I was about to write that I hope we look back at his school days with some good memories and laugh about it, but that’s bullshit.  I know we won’t.  What I really hope, is that we make it through this last year of high school alive and without damaging each other’s pysche for good. In the meantime, I will fight for him and with him to get through this. He will know that I believe in him and will not allow failure. If nothing else, it will give him years of good stories for his future therapy appointments….

Biggest Misconceptions of Turning 40

40th bday with my greatest life long friends!

40th bday with my greatest life long friends!

Remember when you were a kid and thought about becoming a grown up? We believed certain things would be true: People will be nicer. Bullies will stop bullying. Money will be easily accessible. You will become totally confident and won’t care what people think. Now that we are all adults, we know that this is all bullshit.

People don’t become nicer. Jerks stay jerks. They might even grow up to be bigger jerks. At least in school, they could only ruin your day. Now, they can destroy career, become your boss or coach your kids tee ball team. Hereby, ruining any chance your kid had at liking sports. The mean girls of the suburban moms can stop you from meeting new friends or have too much of a say in who calls your kid for a play date. They ruled the school and now they rule the community. I think they still wear pink on Wednesdays.

Grown-up bullies are the worst. The mean girl in my office once told a co-worker that she wouldn’t hang out with them anymore if they stayed friends with me. True story. Can you imagine? What’s worse is the co-worker listened and stopped hanging out with me. They even thought it totally reasonable to explain the situation to me, as if by knowing the truth behind their sudden departure, I would somehow hurt less. Needless to say, that plan didn’t quite work. Sometimes, ignorance IS bliss. I know people like to say it’s jealousy, but I don’t believe that to be true. Some people are just assholes. They don’t need a reason. In fact, maybe as parents we need to change how we teach kids to handle bullies. Maybe, we just need to prepare them for the truth. “Some people are assholes, and you will have to deal with them every day for the rest of your life.” If anybody wants to help me start that campaign…call me.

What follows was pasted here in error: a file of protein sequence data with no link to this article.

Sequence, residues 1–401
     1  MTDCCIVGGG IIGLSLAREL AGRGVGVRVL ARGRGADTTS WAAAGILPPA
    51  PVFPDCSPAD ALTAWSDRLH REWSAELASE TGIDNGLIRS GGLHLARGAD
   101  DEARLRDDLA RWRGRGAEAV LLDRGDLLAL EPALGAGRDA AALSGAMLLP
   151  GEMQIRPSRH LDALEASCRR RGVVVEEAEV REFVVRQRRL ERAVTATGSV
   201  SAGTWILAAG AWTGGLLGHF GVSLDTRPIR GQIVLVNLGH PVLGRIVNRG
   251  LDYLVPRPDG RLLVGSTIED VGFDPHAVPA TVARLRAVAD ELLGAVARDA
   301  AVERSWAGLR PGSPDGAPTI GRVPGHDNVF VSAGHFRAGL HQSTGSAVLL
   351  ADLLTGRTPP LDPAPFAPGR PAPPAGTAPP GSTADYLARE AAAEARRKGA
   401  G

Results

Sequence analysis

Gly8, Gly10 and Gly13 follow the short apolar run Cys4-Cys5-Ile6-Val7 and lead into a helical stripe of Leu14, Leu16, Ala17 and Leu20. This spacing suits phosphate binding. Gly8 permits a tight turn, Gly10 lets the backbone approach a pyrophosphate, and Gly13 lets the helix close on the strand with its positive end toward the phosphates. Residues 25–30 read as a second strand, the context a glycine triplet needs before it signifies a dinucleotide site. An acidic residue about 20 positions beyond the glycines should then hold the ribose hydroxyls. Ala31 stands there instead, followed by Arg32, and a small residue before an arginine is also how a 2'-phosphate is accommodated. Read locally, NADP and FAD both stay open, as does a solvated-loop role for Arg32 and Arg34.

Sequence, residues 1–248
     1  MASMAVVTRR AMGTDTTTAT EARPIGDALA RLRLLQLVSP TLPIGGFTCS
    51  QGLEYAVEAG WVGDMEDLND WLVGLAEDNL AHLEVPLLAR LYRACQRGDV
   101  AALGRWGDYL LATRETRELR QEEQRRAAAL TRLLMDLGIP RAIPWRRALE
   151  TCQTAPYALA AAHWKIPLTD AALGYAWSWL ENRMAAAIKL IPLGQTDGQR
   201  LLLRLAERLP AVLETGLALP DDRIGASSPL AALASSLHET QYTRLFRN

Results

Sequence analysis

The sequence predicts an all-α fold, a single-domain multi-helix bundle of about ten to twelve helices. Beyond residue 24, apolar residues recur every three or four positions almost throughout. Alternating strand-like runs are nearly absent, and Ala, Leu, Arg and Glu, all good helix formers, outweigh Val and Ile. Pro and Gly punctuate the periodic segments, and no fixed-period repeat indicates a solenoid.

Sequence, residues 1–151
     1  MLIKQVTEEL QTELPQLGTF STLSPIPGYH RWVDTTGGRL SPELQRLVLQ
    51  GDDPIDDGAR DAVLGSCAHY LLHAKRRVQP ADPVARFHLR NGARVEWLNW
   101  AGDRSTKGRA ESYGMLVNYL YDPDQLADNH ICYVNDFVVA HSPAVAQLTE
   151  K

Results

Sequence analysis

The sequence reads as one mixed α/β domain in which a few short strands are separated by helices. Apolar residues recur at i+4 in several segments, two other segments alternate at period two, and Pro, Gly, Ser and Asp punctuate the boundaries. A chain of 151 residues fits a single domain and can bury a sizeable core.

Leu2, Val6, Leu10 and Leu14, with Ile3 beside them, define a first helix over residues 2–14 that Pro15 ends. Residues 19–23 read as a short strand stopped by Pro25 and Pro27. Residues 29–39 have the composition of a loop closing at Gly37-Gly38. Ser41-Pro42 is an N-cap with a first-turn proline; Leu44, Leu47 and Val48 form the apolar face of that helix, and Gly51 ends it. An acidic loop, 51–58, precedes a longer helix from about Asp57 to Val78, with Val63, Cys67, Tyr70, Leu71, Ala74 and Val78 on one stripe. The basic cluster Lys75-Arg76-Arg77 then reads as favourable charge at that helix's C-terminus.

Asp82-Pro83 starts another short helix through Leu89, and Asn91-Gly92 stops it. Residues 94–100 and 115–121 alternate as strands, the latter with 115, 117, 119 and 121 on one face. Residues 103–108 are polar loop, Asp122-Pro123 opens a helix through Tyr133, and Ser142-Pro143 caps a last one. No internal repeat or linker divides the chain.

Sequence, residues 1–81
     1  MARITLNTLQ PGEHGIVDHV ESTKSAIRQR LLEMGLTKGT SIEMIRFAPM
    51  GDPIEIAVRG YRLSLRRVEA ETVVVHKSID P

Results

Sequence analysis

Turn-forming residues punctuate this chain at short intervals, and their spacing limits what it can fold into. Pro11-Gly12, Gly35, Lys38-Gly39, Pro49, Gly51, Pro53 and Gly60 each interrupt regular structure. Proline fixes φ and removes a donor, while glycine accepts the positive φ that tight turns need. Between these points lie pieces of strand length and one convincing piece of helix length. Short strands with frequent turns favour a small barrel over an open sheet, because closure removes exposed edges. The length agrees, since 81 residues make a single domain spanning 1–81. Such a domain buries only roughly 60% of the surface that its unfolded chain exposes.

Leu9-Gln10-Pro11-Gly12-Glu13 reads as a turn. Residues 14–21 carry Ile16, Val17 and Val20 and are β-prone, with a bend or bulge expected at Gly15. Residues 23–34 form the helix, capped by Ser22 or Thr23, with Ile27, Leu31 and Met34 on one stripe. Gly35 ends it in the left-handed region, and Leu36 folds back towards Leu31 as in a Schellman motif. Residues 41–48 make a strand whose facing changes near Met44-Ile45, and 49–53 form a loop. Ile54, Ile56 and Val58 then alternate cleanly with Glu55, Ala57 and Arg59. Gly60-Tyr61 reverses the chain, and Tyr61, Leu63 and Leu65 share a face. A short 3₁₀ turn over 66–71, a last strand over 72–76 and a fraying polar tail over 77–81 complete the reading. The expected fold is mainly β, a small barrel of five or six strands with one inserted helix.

And what about that misconception of financial stability. Did my parents struggle like this? If they did, I never knew. I assumed that if you worked hard, you then lived comfortably. When does that “comfortably” part kick in? Do we all worry so much? Maybe that’s the biggest shock of adulthood: so much worry.

Also, I’m still waiting for that grown-up confidence to kick in. You know, that confidence you read about in every woman’s mag, that states women over 40 stop caring what other people think? That is such crap. Of course, we still care about what other people think. It might be less extreme, I mean I’m not succumbing to peer pressure at 40, but I sure do hate being blatantly whispered about. Or left out of an office gathering. Or seeing that my friends are all hanging out without me. Or having someone sneer at my outfit. That all sucks! Who are we kidding….it hurt at 16 and it still hurts today.

The good news is we do gain a certain power as we grow up: the power to weed out the bullshit. Learn to spot the mean ones and do your best to ignore and avoid. They do still get under your skin, and even hurt your feelings, however, we can choose to be surrounded by love and true friendship,instead of the insecurities of fake people. That’s a powerful choice. The picture above shows my best friends from kindergarten and middle school. The great ones are out there and they are to be cherished. I love these fantastic ladies with all my heart and love that we have chosen each other as forever friends!

Would it have turning 40 easier to know that the cliques and mean girls never go away; that they just become co-workers and fellow soccer moms? I’m not sure. I do think my “people are just assholes” campaign is brilliant and might be the way to prepare our kids for the future!